(Bloomberg) -- Aware Super Pty., one of Australia’s largest pension funds, will invest up to A$1 billion ($732 million) in green or sustainability-linked bonds by year-end, an initial move that will pave the way to decarbonize its fixed income portfolio.
The A$150 billion firm will invest A$500 million to A$1 billion in bonds that support plans to reduce emissions and other social initiatives, said Aware Super Head of Fixed Income Michael Clavin. The purchases will be funded by trimming its Australian government debt holdings.
Aware Super is attempting to almost halve emissions by the decade’s end as custodians of Australia’s A$3.3 trillion pension pot face pressure from members to cut exposure to high emitting companies and scrap investments that are undermining the Paris Agreement. While Aware has met its carbon reduction targets for the equity portfolio, it hasn’t yet set specific metrics for its other assets, including government bonds.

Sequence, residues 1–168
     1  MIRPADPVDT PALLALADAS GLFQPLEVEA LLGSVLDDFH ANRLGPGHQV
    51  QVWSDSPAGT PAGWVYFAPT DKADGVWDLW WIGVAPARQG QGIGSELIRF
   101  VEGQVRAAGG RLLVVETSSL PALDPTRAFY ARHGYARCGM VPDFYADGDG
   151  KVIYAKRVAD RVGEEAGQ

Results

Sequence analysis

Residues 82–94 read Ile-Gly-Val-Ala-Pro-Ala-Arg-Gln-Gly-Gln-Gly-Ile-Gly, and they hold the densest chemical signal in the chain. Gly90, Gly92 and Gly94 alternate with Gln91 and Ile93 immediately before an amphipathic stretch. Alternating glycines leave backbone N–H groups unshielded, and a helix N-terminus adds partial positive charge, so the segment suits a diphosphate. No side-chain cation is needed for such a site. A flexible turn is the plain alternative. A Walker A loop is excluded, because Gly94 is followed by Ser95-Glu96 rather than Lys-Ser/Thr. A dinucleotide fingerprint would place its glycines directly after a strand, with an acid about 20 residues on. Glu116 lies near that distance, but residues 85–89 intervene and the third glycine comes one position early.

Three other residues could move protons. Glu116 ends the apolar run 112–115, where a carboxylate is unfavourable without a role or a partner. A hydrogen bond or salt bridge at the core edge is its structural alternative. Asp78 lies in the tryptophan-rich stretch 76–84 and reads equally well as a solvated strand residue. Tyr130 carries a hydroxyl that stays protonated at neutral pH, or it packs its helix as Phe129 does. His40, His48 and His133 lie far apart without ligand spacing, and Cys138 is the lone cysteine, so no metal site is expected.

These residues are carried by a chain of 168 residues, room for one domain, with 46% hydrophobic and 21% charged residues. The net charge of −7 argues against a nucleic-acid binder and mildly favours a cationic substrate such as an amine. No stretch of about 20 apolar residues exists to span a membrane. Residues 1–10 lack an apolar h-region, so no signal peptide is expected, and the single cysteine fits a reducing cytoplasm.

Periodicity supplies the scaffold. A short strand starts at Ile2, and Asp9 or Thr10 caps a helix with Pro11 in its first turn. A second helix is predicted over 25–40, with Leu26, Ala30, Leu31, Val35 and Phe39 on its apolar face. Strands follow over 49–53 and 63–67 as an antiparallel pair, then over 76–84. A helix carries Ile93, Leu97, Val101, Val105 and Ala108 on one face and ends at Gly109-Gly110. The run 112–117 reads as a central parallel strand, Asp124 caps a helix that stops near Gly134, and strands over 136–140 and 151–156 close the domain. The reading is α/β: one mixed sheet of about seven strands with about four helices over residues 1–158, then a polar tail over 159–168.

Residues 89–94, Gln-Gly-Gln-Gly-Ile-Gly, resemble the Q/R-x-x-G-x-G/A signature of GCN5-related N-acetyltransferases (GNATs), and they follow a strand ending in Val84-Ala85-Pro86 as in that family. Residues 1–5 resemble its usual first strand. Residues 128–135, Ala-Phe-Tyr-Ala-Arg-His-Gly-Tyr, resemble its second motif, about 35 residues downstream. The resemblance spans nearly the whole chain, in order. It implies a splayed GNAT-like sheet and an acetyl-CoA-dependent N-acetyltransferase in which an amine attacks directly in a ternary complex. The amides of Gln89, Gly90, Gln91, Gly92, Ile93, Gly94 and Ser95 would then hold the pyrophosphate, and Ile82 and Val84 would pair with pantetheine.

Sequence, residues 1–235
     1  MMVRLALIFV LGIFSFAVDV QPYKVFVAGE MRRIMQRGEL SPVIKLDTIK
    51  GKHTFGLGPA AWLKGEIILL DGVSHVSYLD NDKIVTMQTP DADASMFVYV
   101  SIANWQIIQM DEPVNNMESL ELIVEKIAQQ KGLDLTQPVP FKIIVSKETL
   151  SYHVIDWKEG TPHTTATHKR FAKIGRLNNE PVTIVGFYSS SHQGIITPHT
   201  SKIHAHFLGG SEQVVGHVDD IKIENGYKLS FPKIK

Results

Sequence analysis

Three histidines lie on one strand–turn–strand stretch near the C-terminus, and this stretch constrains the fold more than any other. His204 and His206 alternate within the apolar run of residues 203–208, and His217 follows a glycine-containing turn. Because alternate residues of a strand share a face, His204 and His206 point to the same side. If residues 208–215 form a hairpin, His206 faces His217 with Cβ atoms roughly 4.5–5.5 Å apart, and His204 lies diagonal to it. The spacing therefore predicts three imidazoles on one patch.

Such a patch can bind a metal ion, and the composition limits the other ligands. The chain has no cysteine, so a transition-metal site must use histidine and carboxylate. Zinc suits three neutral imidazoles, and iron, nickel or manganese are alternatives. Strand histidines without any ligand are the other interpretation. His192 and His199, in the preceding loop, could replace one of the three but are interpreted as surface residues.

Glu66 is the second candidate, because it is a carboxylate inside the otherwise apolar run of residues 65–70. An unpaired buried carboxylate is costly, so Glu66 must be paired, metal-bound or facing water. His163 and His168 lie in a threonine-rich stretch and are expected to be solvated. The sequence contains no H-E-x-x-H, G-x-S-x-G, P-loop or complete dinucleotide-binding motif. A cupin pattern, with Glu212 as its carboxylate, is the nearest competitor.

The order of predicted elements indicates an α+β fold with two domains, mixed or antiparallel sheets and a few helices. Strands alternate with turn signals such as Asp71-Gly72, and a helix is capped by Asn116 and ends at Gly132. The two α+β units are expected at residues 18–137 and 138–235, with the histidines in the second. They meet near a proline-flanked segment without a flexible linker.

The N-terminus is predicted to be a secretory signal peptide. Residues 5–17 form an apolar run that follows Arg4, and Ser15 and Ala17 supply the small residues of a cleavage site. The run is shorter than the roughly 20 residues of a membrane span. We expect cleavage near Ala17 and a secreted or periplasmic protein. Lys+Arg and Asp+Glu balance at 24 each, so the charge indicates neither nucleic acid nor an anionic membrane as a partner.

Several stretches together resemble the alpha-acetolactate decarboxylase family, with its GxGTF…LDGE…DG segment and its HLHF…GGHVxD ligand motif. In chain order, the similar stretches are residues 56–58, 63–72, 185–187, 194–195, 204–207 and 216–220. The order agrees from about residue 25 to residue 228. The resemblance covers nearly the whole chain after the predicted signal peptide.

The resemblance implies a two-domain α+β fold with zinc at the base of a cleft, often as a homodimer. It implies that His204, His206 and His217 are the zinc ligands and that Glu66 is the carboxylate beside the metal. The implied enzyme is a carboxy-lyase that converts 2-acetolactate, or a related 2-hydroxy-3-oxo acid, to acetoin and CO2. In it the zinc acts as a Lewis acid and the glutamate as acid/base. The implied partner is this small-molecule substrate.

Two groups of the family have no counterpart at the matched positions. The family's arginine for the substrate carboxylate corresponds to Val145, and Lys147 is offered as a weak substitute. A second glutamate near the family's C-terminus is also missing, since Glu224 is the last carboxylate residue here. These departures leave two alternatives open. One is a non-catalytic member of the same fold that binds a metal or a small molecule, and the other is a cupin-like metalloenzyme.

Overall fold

By next year, Aware will have mapped the carbon footprint of its assets and will then look to set decarbonization targets for the wider portfolio, Clavin said in an interview Wednesday. Investing in green bonds “is one of the ways we can support emissions reduction and the transition to a low carbon economy while this base-lining is being complete,” he said.
While some cash will head offshore, it’s also eyeing local debt markets after investing in the first green bond issued by the state of New South Wales, he said.
Investors are clamoring for green debt to finance projects aimed at mitigating the impact of global warming. Global issuance of debt linked to environmental, social and governance improvement goals is tipped to reach $1 trillion this year.
Aware won’t sacrifice “any performance in light of having a green or sustainable bond” and has benchmarked the portfolio against the Bloomberg AusBond Composite Index, Clavin said. Deals will also be assessed by its responsible investment team led by Liza McDonald to ensure the criteria for the bond “is truly green,” he said.
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Some issuances in the past “probably have been more around marketing than substance,” he said. “We just want to avoid that.”
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